He has some interesting stories about his time on active duty. And equally interesting and entertaining stories about growing up the youngest of 10 children in a cotton farm family near Wolfe City, Texas, during the Great Depression, and, as he says, "nearly starving to death." His experiences--the kind that build character of steel--as a youth were not funny at the time but make for good humor today. My favorites are his tales of the children only having one bed and him waiting to climb in last so he could be on top, and, as all the siblings had chores, it was not until he was 7 or 8 did he realize his given name was not "Get wood."
Now Mac is not quite as old as the sergeant major but he is full of equally colorful stories and is a character in his own right--I particularly like his 'no nonsense' outlook on life and wish I'd have had the opportunity to serve under him. Anyway, Mac started out as an enlisted man. And he too fought in war and has some debilitating battle injuries and scars to prove it. He also served a tour of duty as a Drill Instructor in the early 1950s aboard Marine Corps Recruit Depot, Parris Island--several years before the disasterous Ribbon Creek incident. Yes, he well remembers the iconic sign that once greeted all boarding the Depot. And like all others is none too happy about what stands at the entry today.
This is where today's Commentary begins to get even more interesting.
Put three retired Marines around a dinner table and what else are they going to talk about--of course, the Marine Corps. Far junior in years and experience to my dinner mates, I mostly listened. At one point during the meal Mac, a regular reader of this Commentary and one who typically offers an encouraging word each week, turned to me and remarked he has been waiting to comment on the Parris Island sign matter. He said he had been looking for a letter and some photographs at home but had yet to find them.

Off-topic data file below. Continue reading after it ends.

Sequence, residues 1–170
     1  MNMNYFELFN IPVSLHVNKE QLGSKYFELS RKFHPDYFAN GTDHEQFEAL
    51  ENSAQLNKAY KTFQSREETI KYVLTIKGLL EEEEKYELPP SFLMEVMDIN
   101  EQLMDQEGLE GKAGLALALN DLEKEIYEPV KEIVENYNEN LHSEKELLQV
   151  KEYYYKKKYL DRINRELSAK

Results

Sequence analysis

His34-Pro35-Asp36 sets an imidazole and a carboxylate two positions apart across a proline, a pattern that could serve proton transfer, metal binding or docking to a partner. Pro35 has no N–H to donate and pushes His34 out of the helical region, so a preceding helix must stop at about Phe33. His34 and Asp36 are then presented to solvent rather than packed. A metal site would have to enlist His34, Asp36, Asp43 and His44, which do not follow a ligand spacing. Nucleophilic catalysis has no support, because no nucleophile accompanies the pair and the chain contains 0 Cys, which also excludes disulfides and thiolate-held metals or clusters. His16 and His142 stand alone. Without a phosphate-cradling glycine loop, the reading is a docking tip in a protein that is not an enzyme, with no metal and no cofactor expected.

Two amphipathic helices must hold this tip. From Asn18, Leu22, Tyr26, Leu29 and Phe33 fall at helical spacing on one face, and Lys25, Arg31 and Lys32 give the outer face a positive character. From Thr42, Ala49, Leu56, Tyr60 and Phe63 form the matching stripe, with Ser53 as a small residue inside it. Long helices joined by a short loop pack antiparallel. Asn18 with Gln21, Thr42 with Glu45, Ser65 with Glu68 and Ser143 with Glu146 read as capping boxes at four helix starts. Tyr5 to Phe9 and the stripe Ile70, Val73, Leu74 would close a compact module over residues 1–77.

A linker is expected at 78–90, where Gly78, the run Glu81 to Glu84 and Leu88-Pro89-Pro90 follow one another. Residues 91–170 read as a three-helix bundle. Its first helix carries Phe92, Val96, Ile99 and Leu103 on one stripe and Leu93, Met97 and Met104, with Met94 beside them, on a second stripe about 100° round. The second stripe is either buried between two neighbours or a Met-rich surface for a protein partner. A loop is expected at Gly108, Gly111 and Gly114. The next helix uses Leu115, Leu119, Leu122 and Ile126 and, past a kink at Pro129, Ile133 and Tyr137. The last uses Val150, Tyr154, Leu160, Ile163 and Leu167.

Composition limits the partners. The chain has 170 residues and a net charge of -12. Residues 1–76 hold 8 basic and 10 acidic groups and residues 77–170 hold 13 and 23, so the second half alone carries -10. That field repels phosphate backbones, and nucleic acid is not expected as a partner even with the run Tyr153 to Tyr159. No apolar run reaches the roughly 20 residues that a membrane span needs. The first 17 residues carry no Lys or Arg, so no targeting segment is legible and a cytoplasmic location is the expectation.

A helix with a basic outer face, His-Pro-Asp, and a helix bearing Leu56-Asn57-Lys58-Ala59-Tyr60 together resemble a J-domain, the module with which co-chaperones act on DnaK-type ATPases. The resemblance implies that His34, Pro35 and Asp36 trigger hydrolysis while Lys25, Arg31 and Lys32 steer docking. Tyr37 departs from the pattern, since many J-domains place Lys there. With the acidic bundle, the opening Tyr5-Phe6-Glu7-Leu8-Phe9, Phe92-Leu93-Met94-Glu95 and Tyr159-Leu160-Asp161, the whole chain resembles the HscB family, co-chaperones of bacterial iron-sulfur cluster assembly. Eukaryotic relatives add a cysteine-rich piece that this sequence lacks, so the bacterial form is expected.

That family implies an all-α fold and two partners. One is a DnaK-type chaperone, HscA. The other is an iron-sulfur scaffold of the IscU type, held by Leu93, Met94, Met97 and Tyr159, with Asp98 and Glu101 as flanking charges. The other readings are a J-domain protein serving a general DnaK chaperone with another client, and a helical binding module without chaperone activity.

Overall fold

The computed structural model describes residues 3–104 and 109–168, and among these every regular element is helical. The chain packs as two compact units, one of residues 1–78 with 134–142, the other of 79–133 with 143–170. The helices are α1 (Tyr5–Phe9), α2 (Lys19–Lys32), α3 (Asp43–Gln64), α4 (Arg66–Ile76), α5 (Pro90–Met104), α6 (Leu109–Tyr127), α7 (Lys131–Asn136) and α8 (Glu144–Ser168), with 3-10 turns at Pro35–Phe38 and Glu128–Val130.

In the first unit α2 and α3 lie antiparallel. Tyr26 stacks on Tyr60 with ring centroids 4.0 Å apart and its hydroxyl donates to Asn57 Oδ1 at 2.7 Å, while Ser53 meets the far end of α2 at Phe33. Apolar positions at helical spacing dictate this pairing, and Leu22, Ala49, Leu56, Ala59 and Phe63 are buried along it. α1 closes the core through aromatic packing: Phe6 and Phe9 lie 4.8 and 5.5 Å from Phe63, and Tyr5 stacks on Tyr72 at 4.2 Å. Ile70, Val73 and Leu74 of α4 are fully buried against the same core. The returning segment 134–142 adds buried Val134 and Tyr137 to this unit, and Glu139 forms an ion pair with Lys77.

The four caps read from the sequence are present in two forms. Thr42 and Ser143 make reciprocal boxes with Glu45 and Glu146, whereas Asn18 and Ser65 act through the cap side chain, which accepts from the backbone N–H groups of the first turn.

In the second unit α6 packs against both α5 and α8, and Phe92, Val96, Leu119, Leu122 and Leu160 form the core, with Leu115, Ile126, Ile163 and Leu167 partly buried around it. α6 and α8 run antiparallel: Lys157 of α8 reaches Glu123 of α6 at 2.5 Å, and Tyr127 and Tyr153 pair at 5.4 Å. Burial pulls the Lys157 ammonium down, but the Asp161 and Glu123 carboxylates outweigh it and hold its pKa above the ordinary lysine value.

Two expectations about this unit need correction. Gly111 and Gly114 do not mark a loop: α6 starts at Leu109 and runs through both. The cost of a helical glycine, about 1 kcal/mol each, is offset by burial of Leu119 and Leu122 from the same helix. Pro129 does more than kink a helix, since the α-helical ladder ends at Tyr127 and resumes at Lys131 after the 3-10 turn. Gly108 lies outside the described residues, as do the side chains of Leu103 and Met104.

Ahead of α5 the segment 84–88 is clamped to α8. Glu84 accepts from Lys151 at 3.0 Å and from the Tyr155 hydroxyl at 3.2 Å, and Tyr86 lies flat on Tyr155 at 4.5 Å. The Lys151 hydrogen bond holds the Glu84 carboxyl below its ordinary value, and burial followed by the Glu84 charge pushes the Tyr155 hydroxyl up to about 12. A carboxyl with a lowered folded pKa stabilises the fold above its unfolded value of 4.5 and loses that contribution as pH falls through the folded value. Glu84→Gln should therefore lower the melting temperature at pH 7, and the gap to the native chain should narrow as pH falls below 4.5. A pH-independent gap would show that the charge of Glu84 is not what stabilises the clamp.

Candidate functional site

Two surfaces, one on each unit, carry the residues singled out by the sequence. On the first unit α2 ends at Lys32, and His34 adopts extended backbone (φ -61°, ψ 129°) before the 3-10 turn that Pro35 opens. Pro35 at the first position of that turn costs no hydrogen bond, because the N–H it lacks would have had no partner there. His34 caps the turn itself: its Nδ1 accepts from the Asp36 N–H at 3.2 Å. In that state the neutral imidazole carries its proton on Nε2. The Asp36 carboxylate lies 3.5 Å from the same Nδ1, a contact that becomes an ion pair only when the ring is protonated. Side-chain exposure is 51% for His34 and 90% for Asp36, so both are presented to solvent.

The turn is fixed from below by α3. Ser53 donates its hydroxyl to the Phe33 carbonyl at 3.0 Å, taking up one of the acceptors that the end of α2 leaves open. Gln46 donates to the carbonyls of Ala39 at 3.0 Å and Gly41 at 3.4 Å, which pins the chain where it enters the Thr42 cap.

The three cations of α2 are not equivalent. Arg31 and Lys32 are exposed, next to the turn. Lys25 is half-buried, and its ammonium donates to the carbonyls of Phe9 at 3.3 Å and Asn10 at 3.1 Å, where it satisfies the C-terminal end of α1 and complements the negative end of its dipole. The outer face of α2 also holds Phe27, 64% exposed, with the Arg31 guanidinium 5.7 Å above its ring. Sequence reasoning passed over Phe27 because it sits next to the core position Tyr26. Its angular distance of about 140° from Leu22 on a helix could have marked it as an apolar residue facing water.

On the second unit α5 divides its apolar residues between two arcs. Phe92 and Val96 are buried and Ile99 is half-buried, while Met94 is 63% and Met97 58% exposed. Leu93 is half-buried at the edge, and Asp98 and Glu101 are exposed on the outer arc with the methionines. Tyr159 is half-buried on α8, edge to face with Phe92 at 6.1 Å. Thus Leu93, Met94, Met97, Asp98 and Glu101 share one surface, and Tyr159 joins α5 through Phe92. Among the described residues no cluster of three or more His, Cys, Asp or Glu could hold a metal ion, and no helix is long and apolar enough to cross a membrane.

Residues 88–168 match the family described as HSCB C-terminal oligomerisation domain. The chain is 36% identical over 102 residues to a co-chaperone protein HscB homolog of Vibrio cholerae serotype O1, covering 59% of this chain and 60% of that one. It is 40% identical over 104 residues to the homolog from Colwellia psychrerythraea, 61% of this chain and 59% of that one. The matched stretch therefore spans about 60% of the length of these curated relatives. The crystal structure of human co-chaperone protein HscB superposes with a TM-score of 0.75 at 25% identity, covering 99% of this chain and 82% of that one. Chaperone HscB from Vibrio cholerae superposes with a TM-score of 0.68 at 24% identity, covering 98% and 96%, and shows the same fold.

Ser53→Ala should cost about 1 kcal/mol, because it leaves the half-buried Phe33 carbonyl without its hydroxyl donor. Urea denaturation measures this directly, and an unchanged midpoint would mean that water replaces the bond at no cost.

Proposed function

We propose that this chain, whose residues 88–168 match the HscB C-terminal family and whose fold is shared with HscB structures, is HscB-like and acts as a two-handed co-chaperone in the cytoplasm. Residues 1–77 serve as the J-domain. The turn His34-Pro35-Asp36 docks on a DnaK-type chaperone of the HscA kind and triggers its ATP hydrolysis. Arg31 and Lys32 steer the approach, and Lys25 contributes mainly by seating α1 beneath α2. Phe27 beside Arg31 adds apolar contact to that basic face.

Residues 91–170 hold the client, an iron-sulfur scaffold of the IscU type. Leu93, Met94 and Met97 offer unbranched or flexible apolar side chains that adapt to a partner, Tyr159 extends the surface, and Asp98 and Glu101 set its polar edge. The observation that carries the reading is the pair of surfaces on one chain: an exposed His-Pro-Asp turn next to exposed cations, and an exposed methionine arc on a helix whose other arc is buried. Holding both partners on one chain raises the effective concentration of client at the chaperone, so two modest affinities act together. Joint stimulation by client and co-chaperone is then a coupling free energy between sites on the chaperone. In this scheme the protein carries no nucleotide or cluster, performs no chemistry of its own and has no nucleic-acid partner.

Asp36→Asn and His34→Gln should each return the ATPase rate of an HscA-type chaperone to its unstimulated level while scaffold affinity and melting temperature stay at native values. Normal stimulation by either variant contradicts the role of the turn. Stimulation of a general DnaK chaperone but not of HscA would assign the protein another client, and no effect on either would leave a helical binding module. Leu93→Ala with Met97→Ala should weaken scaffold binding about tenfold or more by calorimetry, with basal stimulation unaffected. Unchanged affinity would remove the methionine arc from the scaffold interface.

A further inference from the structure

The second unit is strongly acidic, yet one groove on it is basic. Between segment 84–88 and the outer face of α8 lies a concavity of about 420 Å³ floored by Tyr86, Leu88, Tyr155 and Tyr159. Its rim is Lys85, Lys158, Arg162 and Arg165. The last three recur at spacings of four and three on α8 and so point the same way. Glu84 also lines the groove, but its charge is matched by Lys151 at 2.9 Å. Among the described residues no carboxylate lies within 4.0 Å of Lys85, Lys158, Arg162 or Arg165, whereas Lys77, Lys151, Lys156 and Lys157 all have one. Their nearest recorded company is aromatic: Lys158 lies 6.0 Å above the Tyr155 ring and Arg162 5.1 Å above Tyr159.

He began to talk about General Barrow and telling a story about a time General Barrow, while Commandant, visited his command in Hawaii in April 1983. At the time Mac, a colonel, was the Commanding Officer, Marine Barracks Hawaii. Overseeing Marines in seven sites throughout the islands his headquarters was Pearl Harbor. It was during the Commandant's visit that the photograph mentioned in the second paragraph was taken.
Then Mac began telling a story about a pair of emblems, identical to ones that graced the exterior of Puller Hall--his headquarters building--he had made for General Barrow. What? Now he really had my full attention.